Patterns of ownership and labour unrest within the South African mining sector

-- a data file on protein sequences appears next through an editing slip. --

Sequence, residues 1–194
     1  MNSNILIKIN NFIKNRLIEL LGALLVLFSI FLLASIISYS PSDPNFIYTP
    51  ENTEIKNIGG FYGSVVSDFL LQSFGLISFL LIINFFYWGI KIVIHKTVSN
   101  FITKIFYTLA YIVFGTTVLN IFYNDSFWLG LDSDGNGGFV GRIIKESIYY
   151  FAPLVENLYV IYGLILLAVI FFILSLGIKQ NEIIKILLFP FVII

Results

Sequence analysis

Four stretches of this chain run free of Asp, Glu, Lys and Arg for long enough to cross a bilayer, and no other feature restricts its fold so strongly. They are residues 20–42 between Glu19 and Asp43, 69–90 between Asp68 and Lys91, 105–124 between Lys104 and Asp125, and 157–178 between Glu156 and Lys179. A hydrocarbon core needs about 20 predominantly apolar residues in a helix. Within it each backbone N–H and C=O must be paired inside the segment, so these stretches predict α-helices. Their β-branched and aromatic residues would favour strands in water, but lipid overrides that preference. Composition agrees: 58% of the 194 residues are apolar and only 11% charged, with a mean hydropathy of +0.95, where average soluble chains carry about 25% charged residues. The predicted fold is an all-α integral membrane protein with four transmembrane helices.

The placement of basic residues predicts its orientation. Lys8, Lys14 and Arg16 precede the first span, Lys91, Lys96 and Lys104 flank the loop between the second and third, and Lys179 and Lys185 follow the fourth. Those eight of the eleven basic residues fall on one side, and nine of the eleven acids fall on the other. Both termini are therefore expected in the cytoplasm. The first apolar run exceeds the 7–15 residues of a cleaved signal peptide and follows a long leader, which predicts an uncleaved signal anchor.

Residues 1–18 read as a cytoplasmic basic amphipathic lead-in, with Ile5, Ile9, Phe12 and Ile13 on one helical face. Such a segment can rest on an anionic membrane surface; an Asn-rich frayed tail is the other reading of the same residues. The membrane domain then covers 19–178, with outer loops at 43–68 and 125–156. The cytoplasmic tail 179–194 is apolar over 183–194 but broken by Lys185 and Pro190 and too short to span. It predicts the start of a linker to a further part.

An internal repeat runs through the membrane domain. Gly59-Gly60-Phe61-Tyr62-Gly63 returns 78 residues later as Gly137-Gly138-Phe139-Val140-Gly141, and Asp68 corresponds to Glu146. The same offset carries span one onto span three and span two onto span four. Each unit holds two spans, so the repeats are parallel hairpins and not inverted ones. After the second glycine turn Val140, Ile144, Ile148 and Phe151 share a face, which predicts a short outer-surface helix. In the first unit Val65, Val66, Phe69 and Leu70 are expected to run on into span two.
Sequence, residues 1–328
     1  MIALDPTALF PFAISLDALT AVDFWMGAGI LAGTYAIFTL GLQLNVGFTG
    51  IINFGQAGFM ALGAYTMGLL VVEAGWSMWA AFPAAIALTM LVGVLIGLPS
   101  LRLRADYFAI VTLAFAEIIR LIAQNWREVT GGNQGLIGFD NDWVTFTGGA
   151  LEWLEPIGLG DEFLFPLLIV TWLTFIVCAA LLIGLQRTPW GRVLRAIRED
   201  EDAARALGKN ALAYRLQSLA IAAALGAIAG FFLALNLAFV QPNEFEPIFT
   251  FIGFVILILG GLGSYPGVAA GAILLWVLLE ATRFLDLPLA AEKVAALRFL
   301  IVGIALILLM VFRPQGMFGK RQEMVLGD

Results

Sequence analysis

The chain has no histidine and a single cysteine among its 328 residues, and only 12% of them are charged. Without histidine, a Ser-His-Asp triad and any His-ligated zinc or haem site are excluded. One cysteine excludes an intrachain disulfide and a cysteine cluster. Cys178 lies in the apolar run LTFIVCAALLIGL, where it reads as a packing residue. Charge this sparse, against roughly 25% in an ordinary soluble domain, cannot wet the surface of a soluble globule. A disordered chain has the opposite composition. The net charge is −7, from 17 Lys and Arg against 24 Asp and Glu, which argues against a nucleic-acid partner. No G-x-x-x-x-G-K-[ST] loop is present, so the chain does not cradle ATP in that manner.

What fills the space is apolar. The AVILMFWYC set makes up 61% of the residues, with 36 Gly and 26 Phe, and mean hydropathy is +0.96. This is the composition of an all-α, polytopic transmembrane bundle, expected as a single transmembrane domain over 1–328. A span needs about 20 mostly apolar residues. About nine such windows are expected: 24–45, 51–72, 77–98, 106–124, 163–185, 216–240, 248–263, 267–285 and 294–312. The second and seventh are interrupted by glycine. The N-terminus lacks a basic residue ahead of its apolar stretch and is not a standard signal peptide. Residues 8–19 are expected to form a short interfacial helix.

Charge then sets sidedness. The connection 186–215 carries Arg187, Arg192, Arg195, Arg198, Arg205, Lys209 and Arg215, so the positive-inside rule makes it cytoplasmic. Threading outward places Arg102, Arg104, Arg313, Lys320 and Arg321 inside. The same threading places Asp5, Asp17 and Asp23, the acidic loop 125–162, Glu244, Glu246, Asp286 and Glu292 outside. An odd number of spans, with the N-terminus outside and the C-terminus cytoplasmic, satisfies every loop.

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This article examines the impact of Broad-Based Black Economic Empowerment’s (B-BBEE) ownership element as a catalyst to labour unrest within the mining sector. The research shows that the B-BBEE policy has made limited inroads into the socio-economic disparities of mineworkers and their respective communities. However, since the new democratic dispensation in 1994, the policy has advantaged a selected few wealthy black South Africans. As a result of apartheid’s legacy, which disenfranchised the majority of South Africans, the emphasis of B-BBEE was on socio-economic development and enfranchising black South Africans to own or manage mines. Currently, the mining sector is one of the largest Black Economic Empowerment (BEE) contributors of the transfer of ownership from white to black stakeholders. The ownership deals, estimated at R200 billion, have benefited a select few black elite, but has not filtered down to the majority of mineworkers, who earn an estimated R4 000 per month. Consequently, this has led to the recurrence of labour unrest within the mining sector. With the use of exclusive interviews with cabinet ministers, BEE consortia, trade unions and mining companies triangulated with B-BBEE data and reports, the article provides one of the first analyses on the relationship between B-BBEE, in relation to black ownership, and labour unrest in the mining sector.